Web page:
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Tolling Points

My day at the U.S. Capitol: Under oath about toll interoperability

Guest Blog by Tom Knuckey, IBTTA’s Interoperability Roadside Operations Subcommittee Chair

No matter what state you live in, the practice of highway tolling is essential to supplement revenues for our crumbling transportation infrastructure. There are currently dozens of electronic toll collection (ETC) systems in operation – some that work across state lines, and many that do not. Forty-five million travelers use ETC in the U.S. and nearly $13 billion in tolls are collected through this method.

As part of MAP-21, the Moving Ahead for Progress in the 21st Century Act enacted in July 2012, all toll facilities on Federal highways are required to implement technologies or practices that allow tolling systems to be interoperable nationwide by October 2016. This means that no matter what toll road you drive on, you would be able to have a single account and single transponder that works on electronic toll lanes locations nationwide. This poses a significant challenge, as there are around 120 toll agencies across the country, all using various systems—not to mention that the Act was not inclusive of funding for this initiative.

With the deadline approaching, a congressional hearing was called on September 30th by the Committee of Oversight and Government Reform, Subcommittee on Transportation and Public Assets to review the status of the interoperability initiative. (See video and testimonies) I was called to testify, along with leadership from the International Bridge, Tunnel and Turnpike Association (IBTTA)—the organization leading the charge on the national level —as well as the Federal Highway Administration, and the Alliance for Toll Interoperability.

It’s not often that you get to talk in front of congressional subcommittees, in fact this was a first for me. I was humbled at the opportunity to represent the IBTTA team of over 100 volunteers from throughout the U.S. that has been working on interoperability committees for over four years now. Besides a fair amount of nerves as I sat in front of microphones and cameras emitting a live stream of the proceedings over the web, I felt a very real sense of duty to provide accurate, well considered and valuable commentary. When you are testifying under oath, you must be careful not to make any assumptions or off-the-cuff estimations, which means consid­­ering your every word. Luckily I had a great deal of support from my Atkins colleagues and friends. From Fran O’Connor and Tom Delaney, who continue to actively promote Atkins’ continued involvement in this initiative, to Suzanne Murtha—who helped guide me through the process of testimony, even escorting me from her office to the meeting room to keep me from getting lost and too nervous!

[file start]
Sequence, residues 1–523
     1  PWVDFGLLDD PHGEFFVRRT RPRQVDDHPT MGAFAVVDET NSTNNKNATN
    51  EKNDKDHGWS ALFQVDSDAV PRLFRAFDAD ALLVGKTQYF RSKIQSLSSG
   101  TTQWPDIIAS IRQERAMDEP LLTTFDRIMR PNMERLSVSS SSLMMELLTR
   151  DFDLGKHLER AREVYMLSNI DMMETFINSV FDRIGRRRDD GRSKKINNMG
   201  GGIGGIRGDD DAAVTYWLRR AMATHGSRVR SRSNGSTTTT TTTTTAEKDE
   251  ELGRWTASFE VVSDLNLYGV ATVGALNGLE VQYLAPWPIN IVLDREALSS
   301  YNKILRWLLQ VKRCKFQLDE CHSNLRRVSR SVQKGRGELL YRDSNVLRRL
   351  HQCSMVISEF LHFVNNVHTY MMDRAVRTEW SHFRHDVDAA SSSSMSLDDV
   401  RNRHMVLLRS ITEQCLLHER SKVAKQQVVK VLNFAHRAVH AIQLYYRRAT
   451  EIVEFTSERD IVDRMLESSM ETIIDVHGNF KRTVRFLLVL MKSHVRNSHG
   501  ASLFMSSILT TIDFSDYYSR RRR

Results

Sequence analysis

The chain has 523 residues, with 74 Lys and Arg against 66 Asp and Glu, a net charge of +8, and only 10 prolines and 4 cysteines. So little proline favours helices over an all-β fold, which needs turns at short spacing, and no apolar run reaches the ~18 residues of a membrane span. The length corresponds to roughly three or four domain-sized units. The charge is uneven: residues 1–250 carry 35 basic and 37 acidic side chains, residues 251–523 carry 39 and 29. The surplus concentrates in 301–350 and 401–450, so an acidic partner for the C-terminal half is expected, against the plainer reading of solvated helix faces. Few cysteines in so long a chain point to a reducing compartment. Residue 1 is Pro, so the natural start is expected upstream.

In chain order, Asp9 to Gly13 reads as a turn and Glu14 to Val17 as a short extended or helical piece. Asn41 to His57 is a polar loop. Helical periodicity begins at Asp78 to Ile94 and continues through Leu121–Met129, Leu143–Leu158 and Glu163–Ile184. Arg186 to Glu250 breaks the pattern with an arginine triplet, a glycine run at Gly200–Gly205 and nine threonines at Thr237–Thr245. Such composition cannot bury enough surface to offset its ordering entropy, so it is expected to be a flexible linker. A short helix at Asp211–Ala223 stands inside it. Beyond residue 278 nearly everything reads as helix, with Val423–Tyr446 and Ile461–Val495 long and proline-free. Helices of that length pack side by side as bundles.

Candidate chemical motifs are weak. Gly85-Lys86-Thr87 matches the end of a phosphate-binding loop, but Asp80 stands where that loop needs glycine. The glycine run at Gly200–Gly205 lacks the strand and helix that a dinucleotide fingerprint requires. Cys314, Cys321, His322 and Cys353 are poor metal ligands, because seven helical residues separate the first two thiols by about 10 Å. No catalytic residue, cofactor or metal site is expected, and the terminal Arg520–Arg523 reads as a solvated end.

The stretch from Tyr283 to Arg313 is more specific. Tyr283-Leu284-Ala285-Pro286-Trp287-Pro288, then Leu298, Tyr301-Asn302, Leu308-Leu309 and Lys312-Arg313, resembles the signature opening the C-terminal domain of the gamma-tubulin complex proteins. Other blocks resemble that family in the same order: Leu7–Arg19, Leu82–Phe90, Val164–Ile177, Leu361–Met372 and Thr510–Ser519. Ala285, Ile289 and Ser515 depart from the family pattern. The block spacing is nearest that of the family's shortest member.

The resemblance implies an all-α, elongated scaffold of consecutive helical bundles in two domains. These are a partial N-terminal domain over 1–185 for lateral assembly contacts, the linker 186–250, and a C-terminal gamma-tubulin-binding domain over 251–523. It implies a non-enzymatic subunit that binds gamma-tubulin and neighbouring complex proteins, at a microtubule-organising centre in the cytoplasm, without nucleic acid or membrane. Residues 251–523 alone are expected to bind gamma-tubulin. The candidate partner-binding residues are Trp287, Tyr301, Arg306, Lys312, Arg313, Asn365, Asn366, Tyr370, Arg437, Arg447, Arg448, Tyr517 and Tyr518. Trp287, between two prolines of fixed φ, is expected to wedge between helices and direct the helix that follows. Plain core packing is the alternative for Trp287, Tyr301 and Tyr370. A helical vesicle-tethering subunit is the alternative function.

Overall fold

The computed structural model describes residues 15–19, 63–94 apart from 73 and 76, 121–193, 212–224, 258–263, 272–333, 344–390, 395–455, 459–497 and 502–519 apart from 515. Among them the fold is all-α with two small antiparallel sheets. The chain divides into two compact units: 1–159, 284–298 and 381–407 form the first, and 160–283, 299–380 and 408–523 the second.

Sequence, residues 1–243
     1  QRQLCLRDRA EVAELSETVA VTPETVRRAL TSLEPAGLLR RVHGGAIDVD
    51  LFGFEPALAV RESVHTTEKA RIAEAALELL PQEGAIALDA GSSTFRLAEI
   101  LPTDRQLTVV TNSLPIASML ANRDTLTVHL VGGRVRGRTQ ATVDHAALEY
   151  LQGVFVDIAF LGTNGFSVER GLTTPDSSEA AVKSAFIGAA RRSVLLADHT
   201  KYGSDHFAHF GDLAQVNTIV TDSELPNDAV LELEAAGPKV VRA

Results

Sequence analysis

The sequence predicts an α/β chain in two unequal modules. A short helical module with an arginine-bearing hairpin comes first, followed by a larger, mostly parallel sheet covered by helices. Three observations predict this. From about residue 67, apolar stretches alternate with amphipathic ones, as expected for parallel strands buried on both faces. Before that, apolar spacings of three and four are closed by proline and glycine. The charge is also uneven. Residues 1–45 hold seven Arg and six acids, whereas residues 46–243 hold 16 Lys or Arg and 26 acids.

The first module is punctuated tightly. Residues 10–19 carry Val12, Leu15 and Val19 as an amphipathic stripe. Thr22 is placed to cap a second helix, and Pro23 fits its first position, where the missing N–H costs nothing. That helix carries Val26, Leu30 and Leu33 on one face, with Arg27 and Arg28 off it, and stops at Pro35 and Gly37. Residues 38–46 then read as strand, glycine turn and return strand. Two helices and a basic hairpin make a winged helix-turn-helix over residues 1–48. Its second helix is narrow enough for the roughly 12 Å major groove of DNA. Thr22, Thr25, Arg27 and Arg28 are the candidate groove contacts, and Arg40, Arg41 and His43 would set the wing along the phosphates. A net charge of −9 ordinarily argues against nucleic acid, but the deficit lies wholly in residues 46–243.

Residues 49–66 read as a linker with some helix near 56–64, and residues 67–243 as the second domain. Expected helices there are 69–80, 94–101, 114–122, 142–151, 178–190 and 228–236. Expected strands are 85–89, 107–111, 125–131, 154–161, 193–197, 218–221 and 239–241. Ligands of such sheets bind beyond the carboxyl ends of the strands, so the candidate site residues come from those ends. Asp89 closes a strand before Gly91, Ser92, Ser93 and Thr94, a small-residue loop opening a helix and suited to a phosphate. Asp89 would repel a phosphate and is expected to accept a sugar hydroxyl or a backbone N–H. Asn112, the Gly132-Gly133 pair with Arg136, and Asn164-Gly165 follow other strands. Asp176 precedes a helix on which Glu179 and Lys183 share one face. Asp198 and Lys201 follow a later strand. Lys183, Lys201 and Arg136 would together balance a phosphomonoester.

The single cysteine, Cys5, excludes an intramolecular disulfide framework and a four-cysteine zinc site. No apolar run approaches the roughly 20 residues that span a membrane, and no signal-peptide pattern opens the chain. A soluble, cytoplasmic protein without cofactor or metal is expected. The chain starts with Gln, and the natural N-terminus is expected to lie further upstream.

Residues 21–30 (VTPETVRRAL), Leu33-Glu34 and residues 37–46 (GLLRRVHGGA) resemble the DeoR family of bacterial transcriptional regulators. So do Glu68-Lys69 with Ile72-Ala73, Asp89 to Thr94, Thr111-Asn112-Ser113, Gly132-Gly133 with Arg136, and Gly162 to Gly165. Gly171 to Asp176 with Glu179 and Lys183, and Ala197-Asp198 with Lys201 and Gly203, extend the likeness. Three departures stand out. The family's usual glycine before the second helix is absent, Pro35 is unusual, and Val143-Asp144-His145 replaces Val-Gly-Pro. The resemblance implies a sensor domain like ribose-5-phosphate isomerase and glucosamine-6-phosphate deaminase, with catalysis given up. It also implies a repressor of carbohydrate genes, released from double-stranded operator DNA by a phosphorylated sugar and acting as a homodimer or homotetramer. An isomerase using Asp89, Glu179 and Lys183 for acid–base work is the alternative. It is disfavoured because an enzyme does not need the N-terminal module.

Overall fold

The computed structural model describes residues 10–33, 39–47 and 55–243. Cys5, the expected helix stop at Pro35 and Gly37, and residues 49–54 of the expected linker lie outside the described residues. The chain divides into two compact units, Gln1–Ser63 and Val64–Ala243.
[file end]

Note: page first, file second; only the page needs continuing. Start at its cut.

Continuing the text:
As an Interoperability Steering Committee member and Roadside Operations Subcommittee Chair of IBTTA, I was able to speak about a great deal of progress that has been made, almost completely through volunteer efforts. With countless hours volunteered (likely exceeding millions of dollars in value), there is great effort being expended to make interoperability a reality and progress toward the MAP-21 mandate. With support from IBTTA volunteers and limited funds from IBTTA, we’ve worked to build industry consensus, developed requirement documents and have started phase 1 of testing. 

But the process is now at a critical point. Significant funding is needed to perform the final tests and certification process. Like many other transportation initiatives—lack of investment is our greatest adversary and challenge. However, MAP-21, while unfunded for interoperability, has provided an impetus for real progress to occur in tolling. Organizations like IBTTA, and its members, have shown great commitment to developing interoperability—and to date, on their own dime.

As a result of this hearing, and confirmation of the importance of tolling interoperability, Congressman John Mica (R-FL) warned that a bill would be introduced to penalize agencies that are not in compliance. The U.S. DOT also agreed to continue discussions on potential funding to complete performance testing.

My colleagues and I at Atkins understand that efficient tolling is critical to enable our clients to provide safe roads and bridges for all of us to drive on. Making the process convenient for drivers, and efficient for agencies, means better travel for all of us (even those who avoid the toll roads). It was truly an honor to be part of the legislative process and doing work that unites various stakeholders to improve our nation’s infrastructure. And maybe next time I’ll even remember to breathe!

This article was posted with the permission from Atkins and was originally published at



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